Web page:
The Dielectrophoresis Network

at the University of Surrey

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Prof Michael Pycraft (Mike) Hughes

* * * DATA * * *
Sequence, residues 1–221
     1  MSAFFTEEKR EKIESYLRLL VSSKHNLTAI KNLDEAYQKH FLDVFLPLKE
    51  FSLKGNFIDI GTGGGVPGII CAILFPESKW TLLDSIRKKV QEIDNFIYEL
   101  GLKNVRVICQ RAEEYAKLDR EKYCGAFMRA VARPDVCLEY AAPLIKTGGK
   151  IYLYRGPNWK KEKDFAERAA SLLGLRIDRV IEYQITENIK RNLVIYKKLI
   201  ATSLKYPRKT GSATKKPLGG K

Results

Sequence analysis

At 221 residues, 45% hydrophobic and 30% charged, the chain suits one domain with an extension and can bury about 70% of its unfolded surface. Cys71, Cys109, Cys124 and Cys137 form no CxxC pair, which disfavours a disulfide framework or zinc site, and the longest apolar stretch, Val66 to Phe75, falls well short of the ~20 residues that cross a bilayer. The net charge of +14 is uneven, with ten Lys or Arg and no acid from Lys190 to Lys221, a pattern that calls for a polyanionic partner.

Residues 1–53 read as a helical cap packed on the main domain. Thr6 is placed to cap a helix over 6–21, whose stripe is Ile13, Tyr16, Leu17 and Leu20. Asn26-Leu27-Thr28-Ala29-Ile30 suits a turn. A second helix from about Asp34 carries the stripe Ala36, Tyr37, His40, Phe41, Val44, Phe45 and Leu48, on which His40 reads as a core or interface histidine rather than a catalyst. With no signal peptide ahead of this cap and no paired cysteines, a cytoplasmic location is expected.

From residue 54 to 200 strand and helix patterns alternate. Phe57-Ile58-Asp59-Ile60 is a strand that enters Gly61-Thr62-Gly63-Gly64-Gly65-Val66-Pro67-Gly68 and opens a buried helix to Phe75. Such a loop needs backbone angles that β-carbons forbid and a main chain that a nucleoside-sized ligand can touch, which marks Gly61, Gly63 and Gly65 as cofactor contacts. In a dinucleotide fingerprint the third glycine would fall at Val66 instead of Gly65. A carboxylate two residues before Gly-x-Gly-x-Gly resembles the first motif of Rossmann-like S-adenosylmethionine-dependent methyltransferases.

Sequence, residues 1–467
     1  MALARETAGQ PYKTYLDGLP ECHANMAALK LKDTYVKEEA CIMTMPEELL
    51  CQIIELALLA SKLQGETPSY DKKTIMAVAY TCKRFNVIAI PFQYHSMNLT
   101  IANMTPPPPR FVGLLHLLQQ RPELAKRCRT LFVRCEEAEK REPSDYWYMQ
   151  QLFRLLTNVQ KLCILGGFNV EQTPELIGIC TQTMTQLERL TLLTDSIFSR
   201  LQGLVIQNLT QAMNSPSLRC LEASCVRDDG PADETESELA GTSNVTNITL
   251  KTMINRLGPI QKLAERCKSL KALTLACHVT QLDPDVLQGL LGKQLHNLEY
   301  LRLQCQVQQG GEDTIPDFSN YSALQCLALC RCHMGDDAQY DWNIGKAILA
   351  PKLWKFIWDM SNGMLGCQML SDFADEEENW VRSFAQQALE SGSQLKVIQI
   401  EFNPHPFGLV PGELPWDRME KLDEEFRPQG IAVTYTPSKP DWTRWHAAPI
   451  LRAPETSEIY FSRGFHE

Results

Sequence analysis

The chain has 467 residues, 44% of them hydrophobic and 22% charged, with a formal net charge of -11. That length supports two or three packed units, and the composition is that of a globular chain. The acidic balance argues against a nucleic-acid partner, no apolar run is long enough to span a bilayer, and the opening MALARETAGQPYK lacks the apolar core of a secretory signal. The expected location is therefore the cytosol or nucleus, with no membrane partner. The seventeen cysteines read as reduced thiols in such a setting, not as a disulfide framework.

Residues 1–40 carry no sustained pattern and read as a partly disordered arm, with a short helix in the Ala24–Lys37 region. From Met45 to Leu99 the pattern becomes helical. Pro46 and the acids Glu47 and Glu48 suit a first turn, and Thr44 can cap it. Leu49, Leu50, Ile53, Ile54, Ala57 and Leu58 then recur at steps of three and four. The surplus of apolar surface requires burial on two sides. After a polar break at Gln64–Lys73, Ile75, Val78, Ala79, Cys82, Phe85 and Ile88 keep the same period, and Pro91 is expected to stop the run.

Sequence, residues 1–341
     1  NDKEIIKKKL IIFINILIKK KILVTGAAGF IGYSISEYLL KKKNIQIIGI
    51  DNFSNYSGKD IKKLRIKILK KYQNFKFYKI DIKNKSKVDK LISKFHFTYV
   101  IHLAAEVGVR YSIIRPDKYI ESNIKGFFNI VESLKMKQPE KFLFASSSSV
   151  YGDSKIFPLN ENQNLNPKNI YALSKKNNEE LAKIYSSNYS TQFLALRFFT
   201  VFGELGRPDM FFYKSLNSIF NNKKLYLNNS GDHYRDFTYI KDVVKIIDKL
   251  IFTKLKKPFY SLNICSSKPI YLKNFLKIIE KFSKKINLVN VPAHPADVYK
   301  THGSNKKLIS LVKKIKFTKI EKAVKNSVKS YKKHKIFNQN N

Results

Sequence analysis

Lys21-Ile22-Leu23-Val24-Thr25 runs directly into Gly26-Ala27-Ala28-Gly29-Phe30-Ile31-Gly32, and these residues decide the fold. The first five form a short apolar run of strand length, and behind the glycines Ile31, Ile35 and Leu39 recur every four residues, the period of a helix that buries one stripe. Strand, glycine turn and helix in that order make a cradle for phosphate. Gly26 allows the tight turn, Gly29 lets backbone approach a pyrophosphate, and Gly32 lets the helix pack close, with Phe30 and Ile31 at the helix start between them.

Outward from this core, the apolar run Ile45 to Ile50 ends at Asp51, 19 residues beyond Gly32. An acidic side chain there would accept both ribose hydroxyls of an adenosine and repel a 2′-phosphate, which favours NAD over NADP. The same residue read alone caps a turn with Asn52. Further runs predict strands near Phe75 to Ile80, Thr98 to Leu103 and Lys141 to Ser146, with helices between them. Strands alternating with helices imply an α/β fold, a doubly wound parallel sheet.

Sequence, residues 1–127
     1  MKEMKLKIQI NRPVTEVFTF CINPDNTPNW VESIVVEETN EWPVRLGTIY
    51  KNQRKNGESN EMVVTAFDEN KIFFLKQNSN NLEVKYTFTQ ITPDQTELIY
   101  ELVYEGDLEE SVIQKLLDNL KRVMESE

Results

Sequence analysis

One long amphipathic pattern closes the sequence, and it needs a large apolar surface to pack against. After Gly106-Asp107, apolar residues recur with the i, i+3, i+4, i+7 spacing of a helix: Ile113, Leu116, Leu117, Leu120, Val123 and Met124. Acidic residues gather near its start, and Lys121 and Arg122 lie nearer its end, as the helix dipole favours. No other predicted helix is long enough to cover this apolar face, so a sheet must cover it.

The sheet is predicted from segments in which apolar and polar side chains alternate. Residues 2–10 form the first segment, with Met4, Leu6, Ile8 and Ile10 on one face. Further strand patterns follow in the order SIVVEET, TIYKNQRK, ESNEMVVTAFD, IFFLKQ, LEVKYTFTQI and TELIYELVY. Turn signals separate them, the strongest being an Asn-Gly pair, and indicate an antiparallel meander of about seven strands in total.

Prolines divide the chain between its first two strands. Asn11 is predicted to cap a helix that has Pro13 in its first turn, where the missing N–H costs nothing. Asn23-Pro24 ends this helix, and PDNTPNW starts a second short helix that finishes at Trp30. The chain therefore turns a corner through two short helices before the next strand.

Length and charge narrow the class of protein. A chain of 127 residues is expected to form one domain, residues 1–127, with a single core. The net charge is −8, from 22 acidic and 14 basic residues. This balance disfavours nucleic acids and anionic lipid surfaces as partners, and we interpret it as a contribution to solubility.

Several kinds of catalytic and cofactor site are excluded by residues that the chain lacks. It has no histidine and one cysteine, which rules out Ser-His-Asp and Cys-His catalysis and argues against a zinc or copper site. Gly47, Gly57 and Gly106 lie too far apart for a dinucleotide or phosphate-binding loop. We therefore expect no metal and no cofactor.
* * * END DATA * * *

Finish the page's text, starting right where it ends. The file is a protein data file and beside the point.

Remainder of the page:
Hailing from Holy Island off the Welsh coast, Professor Michael Pycraft Hughes was appointed Professor of Biomedical Engineering in 2008 after joining the University of Surrey as a lecturer in 1999.  His 20-year research career has primarily focussed on the development of dielectrophoresis – more specifically the development of DEP-based assays. He has co-founded a company – DEPtech (www.deptech.com) to bring technology developed and patented by the Surrey group (the “DEP-well” and “DEP-dot” platforms) to market, with the first product - the 3DEP reader, based on the DEP-wells - now available.  He also has broader interests in electric fields and cells at the microscale, and has published work with DSTL on sensor enhancement using microfluidics (which resulted in three patent applications), microelectrode devices for neural sensing, and simulations of laser removal of tattoos. He has written or co-written over 60 journal publications and two books, and has presented invited talks in the UK, US, France, Spain, Italy, Qatar, China and India. Since 2008, Mike has been Director of the Centre for Biomedical Engineering at the University of Surrey, one of the oldest positions in Biomedical Engineering (first appointment having been made in 1965).  For six years 2008-13 he was Editor in Chief of IEEE Transactions on Nanobioscience, and Course Director of the Masters in Biomedical Engineering.   Mike is/has been a member of:- IoP Dielectrics technical committee (2008-); IEEE Engineering in Medicine and Biology Society and IEEE Nanotechnology Council administrative committees (2008-2013); CODATA-VAMAS Working Group on Nanomaterials representing  the International Union for Physical and Engineering Sciences in Medicine (2013-); Electrophoresis Society Council member (2013-). Conference co-chair, IEEEE Bioinformatics and Biomedicine 2013; AES Annual Meeting 2015. Conference co-organiser: IoP Meeting on Dielectrophoresis 2014.  He received the 2003 British Association for the Advancement of Science Isambard Kingdom Brunel Award.

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